In April 2012 I spend a month in Samos, a Greek island one mile off the Turkish coast. At that time I participated in three excellent day-long experiences with Giorgos Matthaiou (Γιώργος Ματθαίου) and Samos Outdoors. Here is a link to a post on each of them: Central Mountains, Interior of Western Mountains, and Hike to Seitani Beaches. Now that I am back in Samos again, I reconnected with Giorgos and his new partner, Dimitris Dermanis (Δημήτρης Δερμάνης) for more outdoor experiences and to learn more about the island, its people, and culture. The first two were: Exploring Paleo Karlovasi and Potami, and Exploring Samos Mountain Villages and Woods.
For our third trip in 2013 we went for a ride into the central mountains in a four-wheel drive vehicle on winding dirt roads. First we met Girogos and Dimtris in the port of Karlovasi, Girogos drove the jeep up to the village of Yhhrousa where the pavement ends. For there we went up and over a large ridge with views back to Mount Kerkis (on the left below) the its mountain villages of Leka, Kosmadhei, Kastania and others (you see Leka on the left and Kastania on the right via my telephoto lens). You can also see down to the port of Karlovasi (on the right below). You can some of the many wind turbines on the island. These are on the shoulder of Mount Kerkis. The island generates about 40% of its electricity through wind power. The best grapes on the island grow in these higher elevations, producing the finer wine. On the right is one of the many remote vineyards we passed.
Once we reached the top of the ridge our views turned eastern. We drove through beautiful black pine forests that do well in the higher altitude of these interior mountains. While these forests are found on the mainland of Greece, Samos is the only island with them. We passed an area that was burned over in th eyear 2000 in a large fire that took days to put out. During the dry season this area is closely watched for forest fires, with even night patrols in the most extreme dry periods. We also passed storage tanks for water to be used by the mostly volunteer fire fighters who protect this area. Soon the summit of Mount Ampelos appeared, the second tallest mountain on the island.
There is a small church on the summit where festivals are held at certain times of the year. It is reached by the system of dirt roads built in the 1980s to provide more access to the area. The church is very old and was built with materials carried up on donkeys long before the roads existed. It contains many beautiful works of art, like most of these small isolated churches. From the top of the mountain you see in all directions. Below the church was an area with tables where festivals are held.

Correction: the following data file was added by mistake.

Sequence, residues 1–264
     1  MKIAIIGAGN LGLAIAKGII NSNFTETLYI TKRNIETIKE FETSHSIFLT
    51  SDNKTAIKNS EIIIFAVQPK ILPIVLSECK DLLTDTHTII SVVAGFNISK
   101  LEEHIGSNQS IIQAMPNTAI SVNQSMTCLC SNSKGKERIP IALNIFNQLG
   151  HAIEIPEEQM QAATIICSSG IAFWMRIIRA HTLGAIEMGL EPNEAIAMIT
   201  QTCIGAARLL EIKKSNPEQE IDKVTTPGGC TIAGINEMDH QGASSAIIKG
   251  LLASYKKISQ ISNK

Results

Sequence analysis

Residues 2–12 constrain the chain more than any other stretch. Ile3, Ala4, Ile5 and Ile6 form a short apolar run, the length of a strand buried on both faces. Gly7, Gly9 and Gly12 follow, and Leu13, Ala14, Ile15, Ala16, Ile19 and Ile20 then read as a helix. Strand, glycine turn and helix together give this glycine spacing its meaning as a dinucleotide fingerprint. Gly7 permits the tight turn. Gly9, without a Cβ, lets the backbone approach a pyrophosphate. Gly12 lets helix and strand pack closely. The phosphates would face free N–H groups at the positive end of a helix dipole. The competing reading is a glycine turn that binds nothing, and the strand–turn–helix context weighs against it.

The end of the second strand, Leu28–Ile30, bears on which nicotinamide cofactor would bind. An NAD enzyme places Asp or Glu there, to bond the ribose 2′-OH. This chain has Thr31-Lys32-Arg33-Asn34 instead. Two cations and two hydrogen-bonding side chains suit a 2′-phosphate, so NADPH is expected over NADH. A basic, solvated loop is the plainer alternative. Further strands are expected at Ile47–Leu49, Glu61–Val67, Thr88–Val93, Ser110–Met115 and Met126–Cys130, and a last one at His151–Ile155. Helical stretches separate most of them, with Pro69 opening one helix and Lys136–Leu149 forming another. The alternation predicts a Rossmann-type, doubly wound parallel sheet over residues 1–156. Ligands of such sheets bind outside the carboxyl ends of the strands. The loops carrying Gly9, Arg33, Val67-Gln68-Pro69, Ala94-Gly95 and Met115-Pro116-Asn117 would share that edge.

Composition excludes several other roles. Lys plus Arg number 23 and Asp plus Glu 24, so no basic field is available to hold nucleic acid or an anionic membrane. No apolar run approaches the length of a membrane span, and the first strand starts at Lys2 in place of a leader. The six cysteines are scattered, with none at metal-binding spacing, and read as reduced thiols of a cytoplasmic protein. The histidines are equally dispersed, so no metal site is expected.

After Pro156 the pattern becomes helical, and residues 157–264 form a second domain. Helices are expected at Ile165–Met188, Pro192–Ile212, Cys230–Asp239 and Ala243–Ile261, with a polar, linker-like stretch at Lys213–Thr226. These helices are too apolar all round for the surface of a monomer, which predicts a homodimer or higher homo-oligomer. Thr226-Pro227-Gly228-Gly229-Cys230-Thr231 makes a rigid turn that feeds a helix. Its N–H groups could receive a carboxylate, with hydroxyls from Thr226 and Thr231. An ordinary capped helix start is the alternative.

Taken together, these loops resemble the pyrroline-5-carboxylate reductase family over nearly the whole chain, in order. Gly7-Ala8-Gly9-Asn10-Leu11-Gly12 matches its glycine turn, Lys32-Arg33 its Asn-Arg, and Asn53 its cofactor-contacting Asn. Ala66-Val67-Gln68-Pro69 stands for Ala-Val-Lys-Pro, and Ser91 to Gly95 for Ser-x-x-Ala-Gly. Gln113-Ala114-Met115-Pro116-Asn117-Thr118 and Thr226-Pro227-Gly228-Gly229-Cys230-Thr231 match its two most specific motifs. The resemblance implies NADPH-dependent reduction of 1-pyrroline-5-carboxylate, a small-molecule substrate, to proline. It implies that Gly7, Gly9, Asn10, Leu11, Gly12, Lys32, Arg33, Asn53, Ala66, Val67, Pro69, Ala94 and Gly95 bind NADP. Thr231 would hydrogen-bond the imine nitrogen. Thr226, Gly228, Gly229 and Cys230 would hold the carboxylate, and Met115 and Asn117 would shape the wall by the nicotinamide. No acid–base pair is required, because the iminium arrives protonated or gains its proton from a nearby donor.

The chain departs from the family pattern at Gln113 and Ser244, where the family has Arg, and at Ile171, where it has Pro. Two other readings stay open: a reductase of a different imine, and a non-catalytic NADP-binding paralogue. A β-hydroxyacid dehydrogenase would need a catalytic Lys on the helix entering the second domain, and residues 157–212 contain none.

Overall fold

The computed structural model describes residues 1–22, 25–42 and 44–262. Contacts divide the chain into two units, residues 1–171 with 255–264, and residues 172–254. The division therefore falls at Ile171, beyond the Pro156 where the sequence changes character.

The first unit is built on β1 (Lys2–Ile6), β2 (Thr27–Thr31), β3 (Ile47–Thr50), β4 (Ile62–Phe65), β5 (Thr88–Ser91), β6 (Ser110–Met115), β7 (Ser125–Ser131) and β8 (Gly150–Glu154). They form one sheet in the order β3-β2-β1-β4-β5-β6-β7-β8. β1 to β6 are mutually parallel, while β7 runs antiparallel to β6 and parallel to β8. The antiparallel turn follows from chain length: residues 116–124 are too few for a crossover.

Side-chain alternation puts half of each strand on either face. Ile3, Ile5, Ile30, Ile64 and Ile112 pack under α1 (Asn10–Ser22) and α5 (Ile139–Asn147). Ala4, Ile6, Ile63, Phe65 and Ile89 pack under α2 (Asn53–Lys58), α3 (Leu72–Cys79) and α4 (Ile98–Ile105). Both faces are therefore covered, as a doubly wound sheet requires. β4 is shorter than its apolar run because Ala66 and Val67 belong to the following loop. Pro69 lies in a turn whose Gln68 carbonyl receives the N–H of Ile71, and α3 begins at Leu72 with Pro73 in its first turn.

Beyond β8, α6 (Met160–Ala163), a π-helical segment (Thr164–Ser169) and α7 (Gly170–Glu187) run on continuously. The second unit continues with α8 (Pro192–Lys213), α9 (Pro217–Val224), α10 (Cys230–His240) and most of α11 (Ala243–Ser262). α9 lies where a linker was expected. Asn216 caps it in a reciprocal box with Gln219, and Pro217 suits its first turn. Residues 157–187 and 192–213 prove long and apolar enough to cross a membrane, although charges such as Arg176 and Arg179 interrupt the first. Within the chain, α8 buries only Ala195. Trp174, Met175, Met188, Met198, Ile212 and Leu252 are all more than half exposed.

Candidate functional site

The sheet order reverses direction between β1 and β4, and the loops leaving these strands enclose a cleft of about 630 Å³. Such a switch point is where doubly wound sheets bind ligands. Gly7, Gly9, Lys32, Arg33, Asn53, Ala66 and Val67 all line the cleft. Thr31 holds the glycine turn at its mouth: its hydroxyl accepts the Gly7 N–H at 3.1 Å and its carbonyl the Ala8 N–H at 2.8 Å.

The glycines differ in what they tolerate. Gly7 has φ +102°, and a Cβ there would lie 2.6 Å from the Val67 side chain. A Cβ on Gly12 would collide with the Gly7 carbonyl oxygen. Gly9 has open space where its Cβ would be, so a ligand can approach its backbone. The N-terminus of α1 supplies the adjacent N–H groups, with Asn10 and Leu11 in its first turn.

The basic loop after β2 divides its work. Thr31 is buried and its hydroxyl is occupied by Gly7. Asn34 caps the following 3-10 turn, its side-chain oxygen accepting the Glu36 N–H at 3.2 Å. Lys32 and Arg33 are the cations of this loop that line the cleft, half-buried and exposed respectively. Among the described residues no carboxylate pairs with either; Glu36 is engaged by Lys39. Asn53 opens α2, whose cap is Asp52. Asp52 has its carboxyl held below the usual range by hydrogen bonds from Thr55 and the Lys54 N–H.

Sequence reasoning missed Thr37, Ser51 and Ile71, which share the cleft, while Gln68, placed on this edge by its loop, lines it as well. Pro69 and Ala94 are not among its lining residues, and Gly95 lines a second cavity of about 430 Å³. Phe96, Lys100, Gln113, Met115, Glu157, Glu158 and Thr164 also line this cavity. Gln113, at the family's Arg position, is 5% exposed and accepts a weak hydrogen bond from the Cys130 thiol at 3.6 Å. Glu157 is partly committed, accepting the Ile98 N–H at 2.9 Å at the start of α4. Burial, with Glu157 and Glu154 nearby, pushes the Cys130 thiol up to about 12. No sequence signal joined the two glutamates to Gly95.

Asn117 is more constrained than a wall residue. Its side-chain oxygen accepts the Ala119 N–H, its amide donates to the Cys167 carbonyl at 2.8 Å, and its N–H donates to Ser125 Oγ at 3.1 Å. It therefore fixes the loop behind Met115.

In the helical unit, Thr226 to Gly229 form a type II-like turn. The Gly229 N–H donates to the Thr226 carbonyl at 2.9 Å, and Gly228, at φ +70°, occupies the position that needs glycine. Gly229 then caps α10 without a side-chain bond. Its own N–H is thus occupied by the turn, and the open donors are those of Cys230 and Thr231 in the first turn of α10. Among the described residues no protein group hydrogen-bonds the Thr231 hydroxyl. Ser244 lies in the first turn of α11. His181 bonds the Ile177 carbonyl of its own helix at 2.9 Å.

Looking to the east is Samos Town and the Turkish coast. Looking west is Mountain Kerkis and the woods, including that part taken out by the big fire. Zooming in with my telephoto lens I could see the area around Aghia Paraskevi north of Samos town where we went swimming a few days earlier. I could also see south to the entrance to the Straits of Milaki where we have gone swmming several times and enjoyed an excellent lunch in Posidhanio.
After leaving Mount Ampelos we drove along the southern part of the central forests arrive eventually at Platanos were we rejoined the paved roads. There were many nice views to the south including the area I described in my post: Exploring the South Central Samos Island, Greece. The first view shows the mountain village of Mavratzei where we had the lunch described in that post. At the start, there was also a view of Mytilini where we are living. We drove through pine forests and passed some more higher latitude vineyards. We could see back to Ydhroussa where we first entered the interior dirt roads. At the start we went right up and over the ridge to the right of town.
I had first visited Platanos with Giorgos last April on a cool day requiring jackets. The village square was almost empty then (on the left). There is a spring fed fountain and a very large shade tree with a huge trunk. Now it was full of tables and chairs with people enjoying the cool of the shade on a warm day (on the right).
From Platanos we drove along the ridge overlooking Karlovasi and the Mount Kerkus area. We went on to Kovtakaiiko where we had lunch at the Archodospito Restaurant over looking Karlovosi and Mount Kerkis. Archodospito means a rich man (lord) in Greek. Lunch included a named (vs. anonymous - another option) salad, feta cheese wrapped in phyllo and honey poured over it, stuffed onions with grated cheese, moussaka with mushroom rice and fries, lamb stew with fries, pork filet with a sweet mustard sauce and fresh green beans, along with fried potatoes. A woman sitting near us was peeling the beans, recently picked from a garden. In these interior villages we focused on meat and vegetarian dishes. We ate a large amount of fesh fish at the seaside towns. We also bought fresh fish in front of our house from a man in truck who went through town with a loud speaker annoucing his catch on the day. You can see our view, as well as what we ate at the Archodospito Restaurant below.
It was another great day with Samos Outdoors, learning much more about the land, people, food, and culture of Samos. Samos has visitors from northern Europe and Greeks from Athens who gather in the seaside towns. It seems laregly ignored by Americans, unless they have relatives here. You have chance to get closer to the people and culture here than the more famous tourist Greek islands. I highly recommend a visit to Samos Island and engaging Samos Outdoors when you go there.